Male allyship is critical in the evolution of gender equality programs in the workplace. Indeed, when men are included in gender equality programs, 96% of organizations see progress — compared to only 30% of organizations when men are not engaged, according to the Harvard Business Review.
Now, a first of its kind study examined how emerging male leaders in law and business, specifically law students, construct their idea of what it means to be an ally to women, especially women of color. In this randomized study done in collaboration with Penn Law students and Thomson Reuters, we analyze how these emerging leaders build allyship in ways that could alter the concept of leadership in the future.
In a white paper, “Allyship: Upstander v. Bystander”, Rangita de Silva de Alwis examines the study and looks at a way to frame the various intersections of race, gender, and multiple identities in the context of allyship as a guide in addressing different forms of system and structural bias.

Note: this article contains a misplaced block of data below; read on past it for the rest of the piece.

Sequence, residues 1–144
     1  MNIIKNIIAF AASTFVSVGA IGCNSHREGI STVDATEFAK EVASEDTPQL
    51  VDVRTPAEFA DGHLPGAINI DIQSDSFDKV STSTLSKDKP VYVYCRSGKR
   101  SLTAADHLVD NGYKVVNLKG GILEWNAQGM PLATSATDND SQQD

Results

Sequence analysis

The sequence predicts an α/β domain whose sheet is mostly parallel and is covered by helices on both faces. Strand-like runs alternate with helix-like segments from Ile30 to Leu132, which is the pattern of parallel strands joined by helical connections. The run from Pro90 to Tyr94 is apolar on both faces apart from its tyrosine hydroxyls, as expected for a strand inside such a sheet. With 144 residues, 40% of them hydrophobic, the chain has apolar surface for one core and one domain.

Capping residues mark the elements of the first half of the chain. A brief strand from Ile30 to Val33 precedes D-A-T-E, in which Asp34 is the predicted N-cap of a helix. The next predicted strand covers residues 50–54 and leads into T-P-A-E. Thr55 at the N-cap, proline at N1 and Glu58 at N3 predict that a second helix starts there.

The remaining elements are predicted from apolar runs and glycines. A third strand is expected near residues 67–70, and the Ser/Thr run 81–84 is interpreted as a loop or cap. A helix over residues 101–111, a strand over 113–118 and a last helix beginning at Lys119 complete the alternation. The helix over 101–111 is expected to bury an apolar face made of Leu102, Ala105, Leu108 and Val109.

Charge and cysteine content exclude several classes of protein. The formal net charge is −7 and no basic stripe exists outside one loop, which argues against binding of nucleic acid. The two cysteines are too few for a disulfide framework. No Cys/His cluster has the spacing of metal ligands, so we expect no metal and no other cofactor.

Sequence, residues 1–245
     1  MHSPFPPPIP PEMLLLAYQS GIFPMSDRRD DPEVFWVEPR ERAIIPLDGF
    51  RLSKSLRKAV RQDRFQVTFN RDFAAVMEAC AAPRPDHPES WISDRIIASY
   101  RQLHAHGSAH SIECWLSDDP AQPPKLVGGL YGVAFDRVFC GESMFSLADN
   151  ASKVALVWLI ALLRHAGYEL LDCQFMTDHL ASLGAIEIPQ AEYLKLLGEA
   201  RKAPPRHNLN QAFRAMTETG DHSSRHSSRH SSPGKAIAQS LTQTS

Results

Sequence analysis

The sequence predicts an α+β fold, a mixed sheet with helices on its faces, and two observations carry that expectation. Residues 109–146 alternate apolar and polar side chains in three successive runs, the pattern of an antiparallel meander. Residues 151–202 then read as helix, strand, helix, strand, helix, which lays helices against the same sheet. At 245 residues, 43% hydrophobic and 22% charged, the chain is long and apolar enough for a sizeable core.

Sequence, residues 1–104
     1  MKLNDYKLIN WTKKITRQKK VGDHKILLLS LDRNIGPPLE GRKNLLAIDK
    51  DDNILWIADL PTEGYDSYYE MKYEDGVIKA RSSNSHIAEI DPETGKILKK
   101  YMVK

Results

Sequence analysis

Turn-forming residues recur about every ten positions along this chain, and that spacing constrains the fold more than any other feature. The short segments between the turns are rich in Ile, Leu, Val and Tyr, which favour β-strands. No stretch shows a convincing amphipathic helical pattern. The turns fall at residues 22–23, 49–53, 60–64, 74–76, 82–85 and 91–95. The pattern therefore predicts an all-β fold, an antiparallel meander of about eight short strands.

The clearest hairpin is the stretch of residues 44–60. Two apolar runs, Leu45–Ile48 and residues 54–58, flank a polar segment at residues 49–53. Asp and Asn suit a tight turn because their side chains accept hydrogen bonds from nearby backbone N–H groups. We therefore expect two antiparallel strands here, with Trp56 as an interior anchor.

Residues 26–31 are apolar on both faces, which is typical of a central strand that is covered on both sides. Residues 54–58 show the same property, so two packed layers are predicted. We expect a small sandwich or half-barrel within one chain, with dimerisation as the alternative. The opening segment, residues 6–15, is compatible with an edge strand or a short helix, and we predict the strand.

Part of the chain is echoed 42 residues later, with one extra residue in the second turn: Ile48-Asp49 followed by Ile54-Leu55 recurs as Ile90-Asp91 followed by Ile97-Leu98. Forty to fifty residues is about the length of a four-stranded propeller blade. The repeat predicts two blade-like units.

Women, Law and Leadership in the Fall of 2019, we examined the changing landscape of women in leadership and the importance of powerful allies who could disrupt the status quo in favor of women. Growing out of our research on women who lead, we partnered with Thomson Reuters to conduct research on the future of allyship through interviews with a diverse and global group of male leaders. We wanted to find out how they responded to the changing demographics in the workplace, how would they react to women leaders and bosses and work-family policies that engage women and men on an equal basis. Most of all, we wanted to deconstruct given assumptions about men and allyship and examine what allyship looked like to men from diverse backgrounds, races, ethnicities, and other differences. The Male Allyship in the Future of Work Advancing Inclusive Leadership report is the culmination of our study.
ALLYSHIP: UPSTANDER VS. BYSTANDER: Allyship as the New Theory and Practice of Diversity and Inclusion
An examination by Rangita de Silva de Alwis of the study conducted at the University of Pennsylvania Carey Law School on “Allyship in the Future of Work.”
This White Paper looks at a way to frame the various intersections of race, gender and multiple identities in the context of allyship. Allyship used within this framework can guide us in addressing different forms of systemic and structural bias that plague our workplaces and public consciousness.